Pat Shingleton: "Bombings and Solar...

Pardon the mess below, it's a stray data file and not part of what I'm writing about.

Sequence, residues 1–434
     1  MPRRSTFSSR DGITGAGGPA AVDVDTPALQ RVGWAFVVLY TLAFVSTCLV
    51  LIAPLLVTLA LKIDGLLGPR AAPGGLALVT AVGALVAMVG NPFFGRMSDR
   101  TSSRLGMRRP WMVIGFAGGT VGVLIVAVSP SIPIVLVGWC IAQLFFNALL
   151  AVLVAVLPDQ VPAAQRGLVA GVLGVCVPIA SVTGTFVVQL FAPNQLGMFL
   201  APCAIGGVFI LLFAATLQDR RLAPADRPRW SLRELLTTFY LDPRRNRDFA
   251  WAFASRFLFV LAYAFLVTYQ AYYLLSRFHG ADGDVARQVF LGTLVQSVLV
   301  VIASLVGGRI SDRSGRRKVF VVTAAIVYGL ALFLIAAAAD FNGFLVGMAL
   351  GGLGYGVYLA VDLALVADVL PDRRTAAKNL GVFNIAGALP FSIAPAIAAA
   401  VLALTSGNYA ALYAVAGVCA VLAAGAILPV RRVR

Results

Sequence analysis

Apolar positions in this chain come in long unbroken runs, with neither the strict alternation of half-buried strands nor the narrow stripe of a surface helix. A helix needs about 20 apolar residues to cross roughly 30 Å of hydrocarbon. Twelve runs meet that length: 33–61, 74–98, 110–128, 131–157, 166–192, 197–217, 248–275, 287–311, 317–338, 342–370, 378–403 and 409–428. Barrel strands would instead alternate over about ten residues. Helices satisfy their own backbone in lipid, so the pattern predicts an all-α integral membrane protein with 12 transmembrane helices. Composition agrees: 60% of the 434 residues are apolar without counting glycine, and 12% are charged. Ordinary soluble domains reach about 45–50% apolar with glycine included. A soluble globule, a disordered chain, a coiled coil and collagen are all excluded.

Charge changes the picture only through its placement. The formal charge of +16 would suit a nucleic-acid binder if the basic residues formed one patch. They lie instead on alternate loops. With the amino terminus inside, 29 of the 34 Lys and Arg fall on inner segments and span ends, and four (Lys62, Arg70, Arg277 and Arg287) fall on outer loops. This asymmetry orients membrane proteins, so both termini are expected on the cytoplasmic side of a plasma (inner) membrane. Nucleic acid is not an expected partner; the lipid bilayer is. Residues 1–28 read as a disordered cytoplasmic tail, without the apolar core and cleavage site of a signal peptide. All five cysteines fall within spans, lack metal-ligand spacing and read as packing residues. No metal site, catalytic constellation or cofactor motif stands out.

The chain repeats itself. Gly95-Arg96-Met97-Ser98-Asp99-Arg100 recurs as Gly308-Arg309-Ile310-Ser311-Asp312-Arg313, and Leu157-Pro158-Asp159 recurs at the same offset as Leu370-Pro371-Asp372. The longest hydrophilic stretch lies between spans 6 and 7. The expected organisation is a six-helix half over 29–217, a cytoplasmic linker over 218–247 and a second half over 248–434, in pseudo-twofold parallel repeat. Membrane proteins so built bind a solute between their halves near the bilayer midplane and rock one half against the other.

Following the bombing of Hiroshima on August 6, 1945, which resulted in 140,000 deaths, the Makurazaki Typhoon hit the city one month later killing 1,200. The second bombing of Japan was scheduled on August 11 but was moved up two days due to expected bad weather and the originally selected city of Kokura was later changed to Nagasaki. On this date in 1945, a B-29 bomber, nicknamed Bockscar, after its commander, Frederick Bock, took-off from the island of Tinian carrying a 9,000 pound plutonium bomb named Fat Man with a blast equivalent of 21 kilotons of TNT. Two weather observation planes scouted conditions over both target areas. At 11:02 a.m. on August 9, 1945 the nuclear inferno was unleashed 500 meters above the surface. The “solar” summer in the Northern Hemisphere ended last week and a termination for a quarter of the year with the greatest amount of sunlight. Solar summer began on June 21st with the beginning of the summer solstice for the Northern Hemisphere. To off-set the solar summer, researchers initiated the meteorological summer which typically lasts through mid September. It represents the warmest quarter of the year. Fifty-four days of summertime remain and we project to be out of the 90s September 27th, out of the 80s on October 20th and the solar winter begins November 5th. Solar winter is the quarter of the year with the least amount of sunlight.
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